During February 2012, a trial excavation was conducted along the northwestern fringes of Moshav Gid‘ona (Permit No. A-6440; map ref. 234034–41/717220–38), prior to construction. The excavation, undertaken on behalf of the Israel Antiquities Authority and underwritten by the contractor, was directed by O. Zidan, with the assistance of Y. Lavan (administration), T. Meltsen (surveying), W. Atrash (guidance), and H. Tahan-Rosen (flint drawing).
Complete pottery vessels dating to Middle Bronze IIA (hereafter MB IIA) were uncovered; these had been placed inside a tomb that did not survive (Fig. 1).
The excavation area (2×3 m; depth 3.5 m) is located in the Umm al-‘Amad antiquities site; remains of a tomb, which contained whole vessels that had been placed on two skeletons, were exposed. The skulls of the deceased faced west and their feet were in the east (the skeletons were not excavated). The tomb was surrounded by a wall built of small fieldstones (W13), of which only the southwestern corner was exposed (Fig. 2). Three concentrations of vessels (L12; Figs. 3, 4) were revealed above the two skeletons. The eastern concentration contained two bowls and a juglet (Fig. 5). One bowl was set on its base (Figs. 1: B104, 3:1) and the other was placed inside the first with soil fill between them (Figs. 1: B109, 3:2). The juglet was placed on its side, just west of the bowls (Figs. 1: B105, 3:5). A juglet (Fig. 1: B106; Fig. 3:6) was found lying on its side, c. 0.45 m northwest of the eastern cluster of vessels. Two jugs were discovered standing on their base next to the western section of the square (Fig. 6). The southern jug has a handle and is barrel-shaped (Figs. 1: B107, 3:3) and the other is elongated and has a single handle (Figs. 1: B108, 3:4).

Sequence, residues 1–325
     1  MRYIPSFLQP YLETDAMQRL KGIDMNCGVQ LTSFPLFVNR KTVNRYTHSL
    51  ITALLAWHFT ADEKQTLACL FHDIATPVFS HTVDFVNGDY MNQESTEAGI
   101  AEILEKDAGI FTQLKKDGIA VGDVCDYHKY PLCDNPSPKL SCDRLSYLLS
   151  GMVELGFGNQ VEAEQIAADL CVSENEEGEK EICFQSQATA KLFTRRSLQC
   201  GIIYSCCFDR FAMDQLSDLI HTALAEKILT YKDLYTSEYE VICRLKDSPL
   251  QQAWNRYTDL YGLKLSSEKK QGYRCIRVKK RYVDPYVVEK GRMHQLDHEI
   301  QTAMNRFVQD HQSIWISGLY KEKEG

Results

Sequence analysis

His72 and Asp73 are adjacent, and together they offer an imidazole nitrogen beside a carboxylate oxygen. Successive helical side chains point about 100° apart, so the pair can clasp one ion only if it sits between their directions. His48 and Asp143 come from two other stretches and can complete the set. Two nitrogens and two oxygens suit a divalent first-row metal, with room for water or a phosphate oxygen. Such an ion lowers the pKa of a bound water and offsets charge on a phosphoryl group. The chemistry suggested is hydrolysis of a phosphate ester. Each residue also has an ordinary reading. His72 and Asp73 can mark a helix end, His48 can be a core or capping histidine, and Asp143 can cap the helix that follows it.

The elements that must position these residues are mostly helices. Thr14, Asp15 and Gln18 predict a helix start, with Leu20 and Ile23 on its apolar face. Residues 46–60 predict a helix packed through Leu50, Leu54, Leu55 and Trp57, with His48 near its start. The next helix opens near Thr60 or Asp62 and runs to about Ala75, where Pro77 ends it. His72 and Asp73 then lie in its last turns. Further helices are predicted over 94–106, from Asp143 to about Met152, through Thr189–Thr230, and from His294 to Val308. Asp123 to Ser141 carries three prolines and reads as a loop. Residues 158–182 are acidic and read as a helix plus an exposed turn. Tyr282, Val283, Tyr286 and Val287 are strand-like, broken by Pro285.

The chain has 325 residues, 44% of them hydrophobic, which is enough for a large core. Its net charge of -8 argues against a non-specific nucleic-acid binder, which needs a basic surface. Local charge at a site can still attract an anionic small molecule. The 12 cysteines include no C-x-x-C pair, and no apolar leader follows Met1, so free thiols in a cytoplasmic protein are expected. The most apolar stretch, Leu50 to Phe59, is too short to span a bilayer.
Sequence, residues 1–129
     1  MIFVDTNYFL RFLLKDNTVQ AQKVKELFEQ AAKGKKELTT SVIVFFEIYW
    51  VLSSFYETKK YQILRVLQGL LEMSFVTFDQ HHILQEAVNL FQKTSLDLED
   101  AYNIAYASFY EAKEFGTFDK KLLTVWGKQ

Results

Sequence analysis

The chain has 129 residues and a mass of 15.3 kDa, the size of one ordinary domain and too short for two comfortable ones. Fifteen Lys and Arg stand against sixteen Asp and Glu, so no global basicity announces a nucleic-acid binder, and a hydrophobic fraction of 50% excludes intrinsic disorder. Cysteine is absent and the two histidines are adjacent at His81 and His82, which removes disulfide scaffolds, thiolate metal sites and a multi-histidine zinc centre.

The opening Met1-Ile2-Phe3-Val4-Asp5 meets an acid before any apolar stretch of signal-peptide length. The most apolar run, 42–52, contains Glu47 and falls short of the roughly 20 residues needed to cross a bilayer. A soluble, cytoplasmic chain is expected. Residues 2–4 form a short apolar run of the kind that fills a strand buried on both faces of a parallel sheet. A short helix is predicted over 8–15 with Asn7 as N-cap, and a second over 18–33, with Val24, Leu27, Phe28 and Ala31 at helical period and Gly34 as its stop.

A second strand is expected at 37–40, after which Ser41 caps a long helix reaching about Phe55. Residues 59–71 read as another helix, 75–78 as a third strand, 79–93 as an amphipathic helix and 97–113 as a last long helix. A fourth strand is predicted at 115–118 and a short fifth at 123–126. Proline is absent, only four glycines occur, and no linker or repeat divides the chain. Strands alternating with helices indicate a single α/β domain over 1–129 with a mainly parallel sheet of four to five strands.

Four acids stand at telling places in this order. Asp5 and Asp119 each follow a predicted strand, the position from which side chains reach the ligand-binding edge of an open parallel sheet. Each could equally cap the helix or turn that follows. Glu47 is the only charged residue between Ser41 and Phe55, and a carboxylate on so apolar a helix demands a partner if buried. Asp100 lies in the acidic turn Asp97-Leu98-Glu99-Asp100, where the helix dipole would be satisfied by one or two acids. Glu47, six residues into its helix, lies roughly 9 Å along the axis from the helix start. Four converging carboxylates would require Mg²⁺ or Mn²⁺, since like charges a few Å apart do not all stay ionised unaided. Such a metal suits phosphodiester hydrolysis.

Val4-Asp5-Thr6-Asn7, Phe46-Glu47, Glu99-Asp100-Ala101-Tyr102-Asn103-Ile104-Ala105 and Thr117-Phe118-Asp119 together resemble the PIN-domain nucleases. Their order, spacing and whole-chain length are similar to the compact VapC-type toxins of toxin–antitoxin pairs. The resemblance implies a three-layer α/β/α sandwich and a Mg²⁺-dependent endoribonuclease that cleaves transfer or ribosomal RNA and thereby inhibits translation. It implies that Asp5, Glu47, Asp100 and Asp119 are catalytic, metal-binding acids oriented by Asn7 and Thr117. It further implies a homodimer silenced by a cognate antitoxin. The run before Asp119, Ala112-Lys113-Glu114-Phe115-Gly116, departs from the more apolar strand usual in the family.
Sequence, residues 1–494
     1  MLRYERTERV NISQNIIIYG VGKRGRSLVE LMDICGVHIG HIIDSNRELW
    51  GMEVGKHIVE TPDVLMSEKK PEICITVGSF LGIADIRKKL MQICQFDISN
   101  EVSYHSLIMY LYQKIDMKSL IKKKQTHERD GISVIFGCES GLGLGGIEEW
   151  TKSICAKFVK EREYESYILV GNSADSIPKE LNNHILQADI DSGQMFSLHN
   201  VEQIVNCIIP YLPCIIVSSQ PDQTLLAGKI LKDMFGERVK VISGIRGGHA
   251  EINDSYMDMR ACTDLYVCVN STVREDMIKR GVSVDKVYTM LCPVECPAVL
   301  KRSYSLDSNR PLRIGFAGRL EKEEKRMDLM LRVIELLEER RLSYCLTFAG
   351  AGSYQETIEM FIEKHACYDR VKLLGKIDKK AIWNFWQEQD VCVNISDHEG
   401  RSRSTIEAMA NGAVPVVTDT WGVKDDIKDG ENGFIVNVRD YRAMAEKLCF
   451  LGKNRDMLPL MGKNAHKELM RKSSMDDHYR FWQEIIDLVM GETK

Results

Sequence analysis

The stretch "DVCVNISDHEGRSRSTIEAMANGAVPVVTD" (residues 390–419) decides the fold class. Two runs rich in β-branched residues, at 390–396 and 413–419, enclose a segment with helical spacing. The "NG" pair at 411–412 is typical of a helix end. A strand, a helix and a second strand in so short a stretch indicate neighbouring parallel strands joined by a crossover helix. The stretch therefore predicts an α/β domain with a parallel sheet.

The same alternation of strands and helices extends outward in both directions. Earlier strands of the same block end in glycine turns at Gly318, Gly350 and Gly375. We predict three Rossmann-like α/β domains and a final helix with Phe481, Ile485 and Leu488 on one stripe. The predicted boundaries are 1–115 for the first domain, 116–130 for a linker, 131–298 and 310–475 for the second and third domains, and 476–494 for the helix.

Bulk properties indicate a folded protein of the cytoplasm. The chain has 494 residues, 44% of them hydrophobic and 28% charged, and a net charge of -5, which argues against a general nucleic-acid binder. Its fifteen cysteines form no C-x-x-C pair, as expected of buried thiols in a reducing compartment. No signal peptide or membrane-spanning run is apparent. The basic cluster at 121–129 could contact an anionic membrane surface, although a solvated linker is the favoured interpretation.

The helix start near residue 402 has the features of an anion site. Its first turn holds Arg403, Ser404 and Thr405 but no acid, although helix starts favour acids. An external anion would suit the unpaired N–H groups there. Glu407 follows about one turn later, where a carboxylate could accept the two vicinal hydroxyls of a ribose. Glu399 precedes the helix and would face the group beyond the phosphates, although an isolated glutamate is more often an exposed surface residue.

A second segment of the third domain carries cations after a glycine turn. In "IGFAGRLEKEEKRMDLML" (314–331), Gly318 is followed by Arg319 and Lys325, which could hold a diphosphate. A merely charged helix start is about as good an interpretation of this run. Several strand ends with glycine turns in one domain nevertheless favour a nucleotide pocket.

The tomb dates to MB IIA and is evidence of a settlement not yet exposed that existed in this period at Umm al-‘Amad.